The Hispanic grocery chain, which filed Chapter 11 last July, received $56 million in financing from Chicago-based Victory Park Capital as part of the restructuring. After the filing, stores continued to operate under agreements with vendors and creditors, according to a news release.
Mi Pueblo Foods, founded in 1991, has 21 stores in Northern California.
Ramirez has nearly 20 years of experience in the Hispanic food and grocery industry, according to the company.
“We have already started to implement aggressive initiatives designed to reposition Mi Pueblo as a profitable entity and as a strong contributor to our local Hispanic communities,” he said in the release.
Ramirez’s post-bankruptcy plans include enhancing the company’s Hispanic product offering, improving customer service and ensuring competitive prices.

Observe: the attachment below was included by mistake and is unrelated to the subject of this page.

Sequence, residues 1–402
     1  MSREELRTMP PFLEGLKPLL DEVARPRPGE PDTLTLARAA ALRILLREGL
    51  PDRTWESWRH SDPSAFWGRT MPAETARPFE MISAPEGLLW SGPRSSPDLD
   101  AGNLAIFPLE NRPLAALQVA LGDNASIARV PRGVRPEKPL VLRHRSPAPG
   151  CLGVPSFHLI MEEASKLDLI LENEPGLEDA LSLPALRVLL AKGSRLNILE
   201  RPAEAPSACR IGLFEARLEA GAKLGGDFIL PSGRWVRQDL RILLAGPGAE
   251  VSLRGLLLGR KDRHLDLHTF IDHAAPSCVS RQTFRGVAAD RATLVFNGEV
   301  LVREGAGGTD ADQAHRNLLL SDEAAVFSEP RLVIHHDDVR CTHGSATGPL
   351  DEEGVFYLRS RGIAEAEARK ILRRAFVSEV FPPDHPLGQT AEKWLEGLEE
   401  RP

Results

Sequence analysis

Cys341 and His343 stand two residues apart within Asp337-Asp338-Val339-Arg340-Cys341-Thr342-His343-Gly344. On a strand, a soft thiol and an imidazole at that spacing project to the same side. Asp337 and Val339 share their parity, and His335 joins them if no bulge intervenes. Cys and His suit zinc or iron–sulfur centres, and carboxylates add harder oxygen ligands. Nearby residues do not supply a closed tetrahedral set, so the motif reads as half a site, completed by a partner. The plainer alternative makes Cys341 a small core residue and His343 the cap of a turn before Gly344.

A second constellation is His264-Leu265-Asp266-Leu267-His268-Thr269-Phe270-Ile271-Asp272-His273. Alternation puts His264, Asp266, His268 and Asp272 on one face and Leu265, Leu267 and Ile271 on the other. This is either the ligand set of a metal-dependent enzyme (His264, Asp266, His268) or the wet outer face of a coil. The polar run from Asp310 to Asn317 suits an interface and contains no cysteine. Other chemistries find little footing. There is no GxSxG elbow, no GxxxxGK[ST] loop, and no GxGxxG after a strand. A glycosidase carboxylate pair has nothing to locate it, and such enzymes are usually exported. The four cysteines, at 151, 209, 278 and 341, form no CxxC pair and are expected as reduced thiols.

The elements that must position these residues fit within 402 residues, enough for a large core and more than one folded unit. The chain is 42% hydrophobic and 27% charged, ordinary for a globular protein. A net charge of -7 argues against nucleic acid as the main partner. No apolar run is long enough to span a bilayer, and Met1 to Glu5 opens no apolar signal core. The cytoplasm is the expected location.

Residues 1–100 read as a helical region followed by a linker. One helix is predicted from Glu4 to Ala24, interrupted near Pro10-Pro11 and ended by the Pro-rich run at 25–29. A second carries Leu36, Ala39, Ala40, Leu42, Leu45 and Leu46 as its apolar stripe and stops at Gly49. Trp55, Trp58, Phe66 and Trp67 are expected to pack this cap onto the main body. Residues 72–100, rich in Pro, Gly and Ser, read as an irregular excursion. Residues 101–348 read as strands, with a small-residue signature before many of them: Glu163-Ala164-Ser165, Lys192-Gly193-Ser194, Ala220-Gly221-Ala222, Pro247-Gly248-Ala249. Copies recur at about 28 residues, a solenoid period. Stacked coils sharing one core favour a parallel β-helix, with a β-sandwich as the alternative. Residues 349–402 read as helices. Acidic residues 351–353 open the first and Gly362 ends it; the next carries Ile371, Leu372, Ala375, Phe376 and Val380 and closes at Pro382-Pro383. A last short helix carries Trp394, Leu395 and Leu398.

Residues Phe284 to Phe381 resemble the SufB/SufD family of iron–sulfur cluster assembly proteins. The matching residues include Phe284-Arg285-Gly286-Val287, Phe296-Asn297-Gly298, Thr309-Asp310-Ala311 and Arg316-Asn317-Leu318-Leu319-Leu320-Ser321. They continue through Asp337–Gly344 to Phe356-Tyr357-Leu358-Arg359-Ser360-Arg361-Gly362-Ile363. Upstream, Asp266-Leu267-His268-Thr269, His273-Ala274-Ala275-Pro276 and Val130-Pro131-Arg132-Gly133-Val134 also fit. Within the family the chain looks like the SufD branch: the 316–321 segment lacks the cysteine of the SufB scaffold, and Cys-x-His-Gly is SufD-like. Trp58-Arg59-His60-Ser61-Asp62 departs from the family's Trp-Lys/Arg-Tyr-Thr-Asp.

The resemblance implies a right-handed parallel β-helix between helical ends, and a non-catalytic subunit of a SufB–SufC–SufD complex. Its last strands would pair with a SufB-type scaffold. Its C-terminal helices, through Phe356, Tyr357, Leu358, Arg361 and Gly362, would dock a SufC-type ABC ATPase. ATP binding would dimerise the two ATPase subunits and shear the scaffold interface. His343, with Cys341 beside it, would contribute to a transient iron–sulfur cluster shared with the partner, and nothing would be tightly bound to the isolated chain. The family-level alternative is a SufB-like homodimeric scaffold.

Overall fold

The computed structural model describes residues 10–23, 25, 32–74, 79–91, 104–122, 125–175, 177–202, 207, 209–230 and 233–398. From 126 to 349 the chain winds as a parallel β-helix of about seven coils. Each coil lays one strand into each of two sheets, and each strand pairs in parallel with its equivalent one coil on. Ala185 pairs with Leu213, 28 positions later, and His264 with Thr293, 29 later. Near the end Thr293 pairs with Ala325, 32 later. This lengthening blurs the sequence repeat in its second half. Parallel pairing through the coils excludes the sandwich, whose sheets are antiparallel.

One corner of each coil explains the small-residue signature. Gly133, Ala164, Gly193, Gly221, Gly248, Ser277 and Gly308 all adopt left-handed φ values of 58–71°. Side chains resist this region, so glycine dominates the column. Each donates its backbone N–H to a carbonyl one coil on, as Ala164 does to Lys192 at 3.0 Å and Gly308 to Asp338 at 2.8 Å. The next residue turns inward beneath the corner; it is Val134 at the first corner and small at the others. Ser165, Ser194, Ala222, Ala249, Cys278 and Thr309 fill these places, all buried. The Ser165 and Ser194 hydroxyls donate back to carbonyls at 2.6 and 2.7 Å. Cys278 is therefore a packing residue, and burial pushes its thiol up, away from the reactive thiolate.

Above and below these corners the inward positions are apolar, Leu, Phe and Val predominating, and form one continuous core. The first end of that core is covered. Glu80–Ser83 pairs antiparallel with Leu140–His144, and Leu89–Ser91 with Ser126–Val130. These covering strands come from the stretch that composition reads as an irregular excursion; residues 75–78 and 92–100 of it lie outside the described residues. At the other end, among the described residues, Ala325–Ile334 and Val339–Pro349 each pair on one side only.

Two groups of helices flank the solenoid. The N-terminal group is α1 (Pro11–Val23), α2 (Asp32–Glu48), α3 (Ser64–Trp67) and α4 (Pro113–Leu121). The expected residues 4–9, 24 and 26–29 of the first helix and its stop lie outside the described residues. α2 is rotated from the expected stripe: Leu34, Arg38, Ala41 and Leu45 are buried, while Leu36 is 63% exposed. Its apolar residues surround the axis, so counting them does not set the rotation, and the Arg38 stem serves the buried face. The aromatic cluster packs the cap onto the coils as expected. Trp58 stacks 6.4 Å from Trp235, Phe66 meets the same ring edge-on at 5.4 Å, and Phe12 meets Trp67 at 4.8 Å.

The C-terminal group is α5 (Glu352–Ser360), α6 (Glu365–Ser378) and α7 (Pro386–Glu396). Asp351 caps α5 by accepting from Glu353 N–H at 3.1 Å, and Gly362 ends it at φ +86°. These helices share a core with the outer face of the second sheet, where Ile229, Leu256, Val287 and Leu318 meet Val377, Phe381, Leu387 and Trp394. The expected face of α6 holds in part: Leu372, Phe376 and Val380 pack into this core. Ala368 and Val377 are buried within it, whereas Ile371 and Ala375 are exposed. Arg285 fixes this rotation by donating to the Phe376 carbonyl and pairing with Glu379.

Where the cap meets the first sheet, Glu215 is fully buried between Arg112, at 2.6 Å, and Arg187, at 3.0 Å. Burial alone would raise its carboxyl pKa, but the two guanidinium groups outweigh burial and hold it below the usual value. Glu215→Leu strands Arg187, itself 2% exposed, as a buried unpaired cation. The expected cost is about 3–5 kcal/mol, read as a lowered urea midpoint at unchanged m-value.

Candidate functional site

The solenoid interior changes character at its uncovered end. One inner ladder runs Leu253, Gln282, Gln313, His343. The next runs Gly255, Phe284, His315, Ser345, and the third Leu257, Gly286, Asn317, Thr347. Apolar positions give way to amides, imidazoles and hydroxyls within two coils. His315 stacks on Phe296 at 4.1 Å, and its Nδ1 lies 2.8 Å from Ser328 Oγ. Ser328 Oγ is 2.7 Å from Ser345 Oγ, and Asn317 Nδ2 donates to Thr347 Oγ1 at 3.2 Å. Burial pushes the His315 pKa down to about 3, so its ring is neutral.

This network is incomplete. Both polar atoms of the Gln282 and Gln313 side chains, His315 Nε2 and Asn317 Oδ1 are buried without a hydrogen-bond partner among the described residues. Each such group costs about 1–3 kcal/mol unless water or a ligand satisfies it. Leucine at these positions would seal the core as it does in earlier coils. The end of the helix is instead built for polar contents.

“We will be introducing several new employee benefit programs for our colaboradores as well as several new initiatives focused on supporting our local communities,” he said. The company employs about 3,200.
In the bankruptcy claim, the company’s top 20 unsecured creditors included OK Produce, Fresno, Calif., with $225,000 owed; Premier Valley Produce Inc., Scottsdale, Ariz., with $243,000 owed; and West Pak Avocado Inc., Murrieta, Calif., with $149,000 owed. Total assets were listed at between $10 million and $50 million, as were total liabilities.